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Heavy metal and hard partying

Many heavy metal musicians may like to play up their personas as devil worshippers that are rebelling against Christendom, but in reality most will spend more time gambling than making Satanic pacts and biting the heads off bats.

The mythology surrounding heavy metal and all its sub-genres can be complex, with anyone who has seen the recent film Lords of Chaos understanding just how dark and twisted some people can be. However, for the vast majority of metal bands, the dark side is less a draw than the outlet of the music itself and the mask the genre can offer.

Gambling has gone hand-in-hand with the hard living reputations of rock stars for decades, and it is no surprise that the most famous track from seminal metal band Motorhead had Lemmy growling about the Ace of Spades as a signal of the reckless life he led right up until his death and the age of 70 back in 2015. Only Keith Richards can compete with Lemmy for a more rock’n’roll lifestyle and surprising longevity, with the Rolling Stones guitarist still somehow touring the world at 75.

Not all the coverage of gambling in rock songs is the fun partying aspect, however, with more thoughtful tracks about struggles of addiction coming from both Iron Maiden and Megadeath over the years. Nonetheless, heavy metal is just as entangled with gambling, as the crooner sounds of Frank Sinatra makes everyone think of the best United States casinos in Las Vegas.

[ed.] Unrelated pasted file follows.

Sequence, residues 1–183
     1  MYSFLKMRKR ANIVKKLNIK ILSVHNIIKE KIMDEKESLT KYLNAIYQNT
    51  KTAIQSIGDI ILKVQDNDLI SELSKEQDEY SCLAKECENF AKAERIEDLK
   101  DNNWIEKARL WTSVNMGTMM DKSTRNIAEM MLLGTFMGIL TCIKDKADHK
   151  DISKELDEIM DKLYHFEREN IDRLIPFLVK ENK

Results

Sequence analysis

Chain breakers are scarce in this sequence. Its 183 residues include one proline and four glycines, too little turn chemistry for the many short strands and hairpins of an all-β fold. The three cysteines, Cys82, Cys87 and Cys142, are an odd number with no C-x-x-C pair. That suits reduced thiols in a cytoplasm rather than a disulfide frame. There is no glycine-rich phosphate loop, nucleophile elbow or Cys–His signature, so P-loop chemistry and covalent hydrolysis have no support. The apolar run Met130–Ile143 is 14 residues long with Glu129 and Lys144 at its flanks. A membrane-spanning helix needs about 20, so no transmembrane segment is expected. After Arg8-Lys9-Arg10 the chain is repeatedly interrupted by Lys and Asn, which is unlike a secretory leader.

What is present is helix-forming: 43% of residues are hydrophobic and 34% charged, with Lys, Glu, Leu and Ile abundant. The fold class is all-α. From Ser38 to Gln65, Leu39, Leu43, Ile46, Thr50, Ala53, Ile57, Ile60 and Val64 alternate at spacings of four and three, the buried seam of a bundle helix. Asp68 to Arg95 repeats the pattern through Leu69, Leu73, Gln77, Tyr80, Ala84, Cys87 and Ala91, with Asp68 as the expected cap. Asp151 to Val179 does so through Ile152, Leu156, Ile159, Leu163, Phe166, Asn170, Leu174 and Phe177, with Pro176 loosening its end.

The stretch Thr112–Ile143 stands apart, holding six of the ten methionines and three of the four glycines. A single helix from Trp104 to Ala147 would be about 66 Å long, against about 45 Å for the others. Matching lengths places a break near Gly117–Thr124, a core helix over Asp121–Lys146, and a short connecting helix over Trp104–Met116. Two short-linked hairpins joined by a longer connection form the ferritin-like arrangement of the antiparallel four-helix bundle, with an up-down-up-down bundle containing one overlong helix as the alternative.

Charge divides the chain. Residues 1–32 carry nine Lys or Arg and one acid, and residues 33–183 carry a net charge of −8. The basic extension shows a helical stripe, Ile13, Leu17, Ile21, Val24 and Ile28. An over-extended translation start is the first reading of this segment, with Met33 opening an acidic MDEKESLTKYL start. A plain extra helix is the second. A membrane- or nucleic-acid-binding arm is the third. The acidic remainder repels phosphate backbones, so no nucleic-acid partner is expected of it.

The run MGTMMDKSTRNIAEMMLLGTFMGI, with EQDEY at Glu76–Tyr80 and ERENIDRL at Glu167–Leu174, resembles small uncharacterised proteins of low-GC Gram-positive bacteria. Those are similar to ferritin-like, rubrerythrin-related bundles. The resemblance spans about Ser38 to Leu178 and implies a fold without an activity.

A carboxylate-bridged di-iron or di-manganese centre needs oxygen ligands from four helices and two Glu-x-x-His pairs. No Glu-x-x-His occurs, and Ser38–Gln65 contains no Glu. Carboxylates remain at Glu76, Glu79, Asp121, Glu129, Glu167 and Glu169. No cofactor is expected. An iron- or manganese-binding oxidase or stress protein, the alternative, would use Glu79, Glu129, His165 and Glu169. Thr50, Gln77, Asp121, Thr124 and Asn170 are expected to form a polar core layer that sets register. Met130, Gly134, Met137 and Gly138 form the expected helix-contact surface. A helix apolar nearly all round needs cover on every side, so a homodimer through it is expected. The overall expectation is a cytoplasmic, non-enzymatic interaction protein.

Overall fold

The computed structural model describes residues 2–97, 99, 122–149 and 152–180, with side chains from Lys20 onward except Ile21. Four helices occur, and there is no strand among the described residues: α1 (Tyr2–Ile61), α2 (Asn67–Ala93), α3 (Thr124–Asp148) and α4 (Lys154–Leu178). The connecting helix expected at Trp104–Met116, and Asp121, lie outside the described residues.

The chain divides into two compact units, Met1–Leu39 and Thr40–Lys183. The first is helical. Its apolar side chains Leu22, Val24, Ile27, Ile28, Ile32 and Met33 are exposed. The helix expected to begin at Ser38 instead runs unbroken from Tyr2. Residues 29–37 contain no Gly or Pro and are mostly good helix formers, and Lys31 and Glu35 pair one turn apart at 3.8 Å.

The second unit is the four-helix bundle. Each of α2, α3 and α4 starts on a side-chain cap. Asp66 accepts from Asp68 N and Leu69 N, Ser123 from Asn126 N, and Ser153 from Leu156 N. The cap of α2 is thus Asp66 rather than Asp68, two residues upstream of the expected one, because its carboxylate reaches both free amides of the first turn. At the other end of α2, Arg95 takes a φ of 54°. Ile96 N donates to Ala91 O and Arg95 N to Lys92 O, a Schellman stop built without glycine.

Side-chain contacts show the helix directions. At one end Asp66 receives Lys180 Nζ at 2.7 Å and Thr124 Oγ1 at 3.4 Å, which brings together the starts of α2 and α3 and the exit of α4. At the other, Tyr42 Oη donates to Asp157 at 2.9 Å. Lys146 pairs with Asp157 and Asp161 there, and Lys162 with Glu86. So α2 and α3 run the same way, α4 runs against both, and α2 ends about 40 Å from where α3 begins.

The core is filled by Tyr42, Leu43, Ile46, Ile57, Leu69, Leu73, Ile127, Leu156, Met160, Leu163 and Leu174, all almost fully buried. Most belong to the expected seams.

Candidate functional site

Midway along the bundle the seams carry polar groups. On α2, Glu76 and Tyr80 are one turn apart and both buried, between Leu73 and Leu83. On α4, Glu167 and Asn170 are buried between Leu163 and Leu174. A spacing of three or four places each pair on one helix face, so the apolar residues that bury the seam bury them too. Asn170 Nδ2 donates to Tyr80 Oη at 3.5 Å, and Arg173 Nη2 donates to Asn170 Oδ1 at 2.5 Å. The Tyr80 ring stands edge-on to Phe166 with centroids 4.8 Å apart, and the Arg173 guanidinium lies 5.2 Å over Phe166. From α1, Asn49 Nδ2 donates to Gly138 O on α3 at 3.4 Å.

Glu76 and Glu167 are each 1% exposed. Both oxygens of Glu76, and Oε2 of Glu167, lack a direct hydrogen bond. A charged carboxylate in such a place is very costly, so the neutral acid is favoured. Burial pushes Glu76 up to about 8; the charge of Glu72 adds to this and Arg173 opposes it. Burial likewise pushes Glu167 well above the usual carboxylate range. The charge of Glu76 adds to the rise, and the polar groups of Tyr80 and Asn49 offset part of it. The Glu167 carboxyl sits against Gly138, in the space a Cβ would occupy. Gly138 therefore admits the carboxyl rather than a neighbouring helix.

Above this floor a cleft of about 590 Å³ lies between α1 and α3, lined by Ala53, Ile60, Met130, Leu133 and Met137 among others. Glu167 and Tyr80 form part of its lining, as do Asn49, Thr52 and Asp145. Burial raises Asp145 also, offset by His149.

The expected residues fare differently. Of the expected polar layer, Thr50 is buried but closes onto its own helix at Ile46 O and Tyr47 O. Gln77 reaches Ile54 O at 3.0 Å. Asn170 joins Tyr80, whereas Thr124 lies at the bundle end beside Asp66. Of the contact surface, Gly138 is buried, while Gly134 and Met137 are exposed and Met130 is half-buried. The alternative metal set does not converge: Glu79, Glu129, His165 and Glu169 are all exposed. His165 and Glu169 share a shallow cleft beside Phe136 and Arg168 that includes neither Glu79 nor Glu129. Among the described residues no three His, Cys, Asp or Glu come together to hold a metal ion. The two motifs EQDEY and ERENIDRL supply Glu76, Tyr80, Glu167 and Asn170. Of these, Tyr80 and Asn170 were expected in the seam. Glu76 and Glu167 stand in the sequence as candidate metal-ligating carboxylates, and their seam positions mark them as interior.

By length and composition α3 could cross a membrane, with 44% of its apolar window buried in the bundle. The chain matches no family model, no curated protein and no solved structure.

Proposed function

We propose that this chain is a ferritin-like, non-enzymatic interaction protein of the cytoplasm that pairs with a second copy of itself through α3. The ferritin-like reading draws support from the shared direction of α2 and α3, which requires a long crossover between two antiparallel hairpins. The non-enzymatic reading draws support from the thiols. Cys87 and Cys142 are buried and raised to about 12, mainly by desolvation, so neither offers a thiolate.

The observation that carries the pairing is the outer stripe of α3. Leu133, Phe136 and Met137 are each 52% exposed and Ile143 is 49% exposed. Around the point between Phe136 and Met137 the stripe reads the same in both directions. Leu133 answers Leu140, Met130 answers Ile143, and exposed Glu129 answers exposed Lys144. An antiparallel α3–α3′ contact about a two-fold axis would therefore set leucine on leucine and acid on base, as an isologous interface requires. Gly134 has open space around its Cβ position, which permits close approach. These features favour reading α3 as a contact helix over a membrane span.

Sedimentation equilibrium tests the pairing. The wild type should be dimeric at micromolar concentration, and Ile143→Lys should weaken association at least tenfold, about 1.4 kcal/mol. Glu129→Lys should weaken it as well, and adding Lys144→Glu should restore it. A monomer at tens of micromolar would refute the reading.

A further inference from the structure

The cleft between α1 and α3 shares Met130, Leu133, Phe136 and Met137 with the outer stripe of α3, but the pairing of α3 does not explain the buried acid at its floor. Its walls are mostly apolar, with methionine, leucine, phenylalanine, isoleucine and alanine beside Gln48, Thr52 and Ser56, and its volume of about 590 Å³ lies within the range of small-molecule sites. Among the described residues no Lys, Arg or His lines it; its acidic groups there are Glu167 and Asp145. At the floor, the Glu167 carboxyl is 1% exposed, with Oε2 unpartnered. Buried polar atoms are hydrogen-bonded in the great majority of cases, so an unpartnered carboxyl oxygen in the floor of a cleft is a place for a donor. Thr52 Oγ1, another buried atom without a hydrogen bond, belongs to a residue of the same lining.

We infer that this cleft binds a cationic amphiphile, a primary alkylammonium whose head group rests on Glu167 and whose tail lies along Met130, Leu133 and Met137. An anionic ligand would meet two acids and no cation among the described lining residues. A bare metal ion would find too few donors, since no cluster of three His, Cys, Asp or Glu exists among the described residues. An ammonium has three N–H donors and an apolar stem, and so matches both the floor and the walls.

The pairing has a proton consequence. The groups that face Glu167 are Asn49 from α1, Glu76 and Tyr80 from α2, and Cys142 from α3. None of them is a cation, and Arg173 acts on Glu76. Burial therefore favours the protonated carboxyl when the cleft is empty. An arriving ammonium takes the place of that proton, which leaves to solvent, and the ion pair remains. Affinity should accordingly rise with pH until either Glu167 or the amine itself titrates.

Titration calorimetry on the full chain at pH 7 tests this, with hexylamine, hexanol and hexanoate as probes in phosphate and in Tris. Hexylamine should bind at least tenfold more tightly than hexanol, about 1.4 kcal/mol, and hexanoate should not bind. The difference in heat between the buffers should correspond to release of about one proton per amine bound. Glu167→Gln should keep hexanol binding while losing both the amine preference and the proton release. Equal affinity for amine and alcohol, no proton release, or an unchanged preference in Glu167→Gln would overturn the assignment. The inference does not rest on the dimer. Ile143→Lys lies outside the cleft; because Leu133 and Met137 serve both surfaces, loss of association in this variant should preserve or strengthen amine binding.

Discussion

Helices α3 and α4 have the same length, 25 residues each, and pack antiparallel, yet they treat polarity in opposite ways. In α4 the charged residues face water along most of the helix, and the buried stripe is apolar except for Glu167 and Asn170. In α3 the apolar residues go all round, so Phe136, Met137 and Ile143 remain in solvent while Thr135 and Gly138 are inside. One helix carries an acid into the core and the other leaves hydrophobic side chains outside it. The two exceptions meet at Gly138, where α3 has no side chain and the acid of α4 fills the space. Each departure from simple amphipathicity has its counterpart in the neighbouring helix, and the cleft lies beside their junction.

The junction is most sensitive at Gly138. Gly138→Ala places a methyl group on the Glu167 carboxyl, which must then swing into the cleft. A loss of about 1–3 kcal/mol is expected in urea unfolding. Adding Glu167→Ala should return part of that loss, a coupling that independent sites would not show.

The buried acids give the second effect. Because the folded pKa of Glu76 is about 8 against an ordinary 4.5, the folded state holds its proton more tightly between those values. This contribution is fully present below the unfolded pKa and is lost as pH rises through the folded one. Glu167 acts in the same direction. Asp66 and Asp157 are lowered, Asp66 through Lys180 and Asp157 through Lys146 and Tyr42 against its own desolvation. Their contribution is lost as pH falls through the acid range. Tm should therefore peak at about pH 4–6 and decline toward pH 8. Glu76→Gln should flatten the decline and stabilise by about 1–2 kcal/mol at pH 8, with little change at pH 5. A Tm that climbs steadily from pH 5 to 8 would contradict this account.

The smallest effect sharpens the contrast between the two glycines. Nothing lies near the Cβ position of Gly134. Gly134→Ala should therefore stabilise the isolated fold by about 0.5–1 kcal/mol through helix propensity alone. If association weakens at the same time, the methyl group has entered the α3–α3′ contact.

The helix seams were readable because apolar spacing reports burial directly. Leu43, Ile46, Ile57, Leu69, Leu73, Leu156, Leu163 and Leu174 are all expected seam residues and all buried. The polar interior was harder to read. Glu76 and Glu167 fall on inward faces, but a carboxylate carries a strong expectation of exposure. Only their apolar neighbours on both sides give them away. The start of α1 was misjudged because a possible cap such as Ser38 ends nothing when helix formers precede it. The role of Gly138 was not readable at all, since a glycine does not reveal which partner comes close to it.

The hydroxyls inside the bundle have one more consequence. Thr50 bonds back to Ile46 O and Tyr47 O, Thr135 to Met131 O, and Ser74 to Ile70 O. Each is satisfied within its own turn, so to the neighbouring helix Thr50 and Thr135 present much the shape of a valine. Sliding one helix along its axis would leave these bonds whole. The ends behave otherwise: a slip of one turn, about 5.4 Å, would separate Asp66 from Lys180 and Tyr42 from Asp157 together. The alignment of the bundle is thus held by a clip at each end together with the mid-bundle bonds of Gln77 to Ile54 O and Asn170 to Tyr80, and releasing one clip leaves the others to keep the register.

Beyond the songs themselves, many bands have given permission to gambling companies to use their names, logos, or songs for various forms of gambling from online slots, with Guns N’ Roses, Jimi Hendrix, and Motorhead all lending their names to games, giving each of the bands (or their estates) an additional revenue stream beyond the standard CD sales, Spotify streams, live shows, and TV and film sync deals. And if the stats provided by numerous musicians over the last few years are true, then bands need to utilize every revenue stream at their disposal, because Spotify and YouTube simply do not offer the rewards as traditional vinyl or CD sales. Bands need hundreds of millions of streams today to earn the same as selling a few thousand records in the 2000s, and so if a large gaming firm offers them the chance to brand a game, many would jump at the chance.

Image courtesy of Lords of Chaos / Vice Films

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